How to Read a New Car's Window Sticker

Look for these nine things on a Monroney label to better understand the car you’re buying.

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A car’s window sticker (also known as a Monroney label) is more than a simple price tag—it actually gives new-vehicle shoppers a lot of useful information about the car or truck for sale.

Here are nine things you should to know how to read on new vehicles’ windows:

1. Vehicle Identification

By law, each Monroney sticker is printed for a specific vehicle. That’s why a window sticker will not only describe the make, model, trim level, paint color, and powertrain of the vehicle in question, but also provide a specific vehicle identification number (VIN). The sticker should match up with the vehicle it’s attached to—if the details listed aren’t in line with the actual car or truck (the wrong VIN, for example), exercise extreme caution.

2. Standard Equipment

Each Monroney label starts with a list of features and equipment included with the vehicle’s base price.

3. Optional Equipment

Optional features or equipment—which likely carry additional costs—are itemized in this section. Although vehicles usually leave the factory already equipped with most of the listed options, some accessories are ordered through the manufacturer then installed at the dealership. If you’re buying a vehicle with dealer-installed options, make sure they’re in place before heading home with your new car or truck.


Window stickers were created to clarify vehicle pricing, which they do by breaking down the manufacturer’s suggested retail price (MSRP) for the vehicle and its options, along with the applicable destination charges (i.e., the cost to ship a vehicle from factory to dealership and prepare it for customer delivery). That said, factory-produced window stickers won’t include details like available incentives, sales tax, or titling and registration fees—all of which can affect a vehicle’s final purchase price.

5. Addendum Stickers

Dealers add secondary addendum labels to cover non-factory extras they may have added (like fabric protection and alarm systems), in addition to “market adjustment surcharges.” Be careful; sometimes these addendum labels look very similar to the official window sticker. Don’t mistake the price they list for the MSRP, which will be on the official Monroney.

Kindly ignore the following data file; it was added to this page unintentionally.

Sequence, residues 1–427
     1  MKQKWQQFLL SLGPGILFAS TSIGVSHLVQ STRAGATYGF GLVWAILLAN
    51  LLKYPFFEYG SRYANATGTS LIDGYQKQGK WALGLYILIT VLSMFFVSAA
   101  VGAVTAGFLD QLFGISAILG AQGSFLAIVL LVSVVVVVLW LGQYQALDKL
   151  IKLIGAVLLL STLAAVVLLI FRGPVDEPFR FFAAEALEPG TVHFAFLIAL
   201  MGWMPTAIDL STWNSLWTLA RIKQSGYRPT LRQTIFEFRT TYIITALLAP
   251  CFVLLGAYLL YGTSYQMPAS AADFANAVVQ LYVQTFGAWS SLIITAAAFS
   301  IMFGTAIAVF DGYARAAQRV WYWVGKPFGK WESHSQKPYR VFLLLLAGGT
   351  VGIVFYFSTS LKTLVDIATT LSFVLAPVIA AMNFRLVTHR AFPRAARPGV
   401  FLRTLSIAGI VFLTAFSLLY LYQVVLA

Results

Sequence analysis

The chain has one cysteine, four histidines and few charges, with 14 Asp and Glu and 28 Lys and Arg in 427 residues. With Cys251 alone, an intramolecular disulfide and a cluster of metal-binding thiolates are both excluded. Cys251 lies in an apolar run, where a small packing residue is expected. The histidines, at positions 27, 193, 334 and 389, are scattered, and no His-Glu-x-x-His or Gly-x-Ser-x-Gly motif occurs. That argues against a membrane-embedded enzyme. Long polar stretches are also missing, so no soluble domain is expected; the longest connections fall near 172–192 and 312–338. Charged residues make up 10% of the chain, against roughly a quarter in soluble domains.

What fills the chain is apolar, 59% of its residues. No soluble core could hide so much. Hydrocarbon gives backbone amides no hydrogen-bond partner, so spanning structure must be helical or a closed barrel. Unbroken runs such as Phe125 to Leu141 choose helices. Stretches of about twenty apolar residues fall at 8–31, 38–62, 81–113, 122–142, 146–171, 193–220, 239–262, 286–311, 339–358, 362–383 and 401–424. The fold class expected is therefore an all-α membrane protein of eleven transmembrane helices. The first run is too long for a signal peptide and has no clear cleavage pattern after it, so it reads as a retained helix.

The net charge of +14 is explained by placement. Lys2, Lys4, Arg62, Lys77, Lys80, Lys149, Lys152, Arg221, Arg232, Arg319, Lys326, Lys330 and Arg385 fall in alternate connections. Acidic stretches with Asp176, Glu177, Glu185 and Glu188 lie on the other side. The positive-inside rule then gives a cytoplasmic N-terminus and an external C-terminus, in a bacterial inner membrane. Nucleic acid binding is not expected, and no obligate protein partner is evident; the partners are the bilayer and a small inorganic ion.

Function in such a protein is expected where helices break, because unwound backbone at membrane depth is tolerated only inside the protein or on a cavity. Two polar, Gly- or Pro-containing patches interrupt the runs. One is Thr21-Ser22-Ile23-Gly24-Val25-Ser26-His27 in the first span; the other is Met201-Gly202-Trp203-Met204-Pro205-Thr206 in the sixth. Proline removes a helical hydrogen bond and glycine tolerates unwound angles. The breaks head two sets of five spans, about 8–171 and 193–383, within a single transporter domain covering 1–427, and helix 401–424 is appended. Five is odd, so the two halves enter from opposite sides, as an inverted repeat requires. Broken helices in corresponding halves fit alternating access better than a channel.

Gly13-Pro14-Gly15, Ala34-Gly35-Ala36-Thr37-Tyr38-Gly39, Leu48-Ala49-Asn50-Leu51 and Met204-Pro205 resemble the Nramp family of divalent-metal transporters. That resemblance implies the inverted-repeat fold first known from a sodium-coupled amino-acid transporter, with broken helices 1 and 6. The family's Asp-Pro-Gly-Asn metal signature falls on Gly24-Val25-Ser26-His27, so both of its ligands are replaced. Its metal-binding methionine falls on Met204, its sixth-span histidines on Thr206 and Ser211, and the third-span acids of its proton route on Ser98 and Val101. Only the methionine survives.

6. Warranty Information

Window stickers also list how an automaker warranties a new vehicle, and usually spell out the terms of applicable comprehensive bumper-to-bumper coverage, as well as powertrain-specific coverage.

7. Where It’s All From

Most window stickers indicate where a vehicle was assembled, along with how many of its parts were sourced from within the U.S. and Canada—valuable information if you care about the origin of your car or truck.

8. Fuel Efficiency

With the exception of heavy-duty trucks and vans above a certain weight class, new vehicles are required to show Environmental Protection Agency estimates for city, highway, and combined fuel economy. Because your driving habits and cycles will inevitably vary from the agency’s test procedure, these figures are best used to compare the fuel efficiency of different models, not as a guide to your own fuel-consumption figures. Window stickers for electric vehicles and plug-in hybrids offer an estimated fuel economy rating in MPGe—a calculated attempt to provide an equivalent rating—along with estimated range and energy consumption per 100 miles.

9. Safety Ratings

If a vehicle was tested by the National Highway Traffic Safety Administration’s New Car Assessment Program at the time of production, the window sticker will provide ratings for frontal- and side-impact testing, rollover performance, and an overall score. Five-star ratings represent the best score possible.

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Evan McCausland
Car, truck, train, or bus—if a vehicle has wheels, chances are Evan McCausland is interested in it. More importantly, he’s interested in helping others learn more about cars and trucks, especially when it comes time to make a decision on their next vehicle purchase. For nearly two decades, he’s been fortunate to have the opportunity to do just that, writing for major automotive publications, automotive clubs, and automakers alike.